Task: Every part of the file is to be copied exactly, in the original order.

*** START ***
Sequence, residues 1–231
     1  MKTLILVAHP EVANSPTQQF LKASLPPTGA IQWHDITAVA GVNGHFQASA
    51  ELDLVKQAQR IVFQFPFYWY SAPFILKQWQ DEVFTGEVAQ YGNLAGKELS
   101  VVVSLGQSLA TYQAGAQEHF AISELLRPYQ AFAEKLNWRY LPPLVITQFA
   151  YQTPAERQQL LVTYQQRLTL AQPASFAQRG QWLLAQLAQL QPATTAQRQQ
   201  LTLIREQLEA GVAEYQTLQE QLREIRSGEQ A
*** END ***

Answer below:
Sequence, residues 1–231
     1  MKTLILVAHP EVANSPTQQF LKASLPPTGA IQWHDITAVA GVNGHFQASA
    51  ELDLVKQAQR IVFQFPFYWY SAPFILKQWQ DEVFTGEVAQ YGNLAGKELS
   101  VVVSLGQSLA TYQAGAQEHF AISELLRPYQ AFAEKLNWRY LPPLVITQFA
   151  YQTPAERQQL LVTYQQRLTL AQPASFAQRG QWLLAQLAQL QPATTAQRQQ
   201  LTLIREQLEA GVAEYQTLQE QLREIRSGEQ A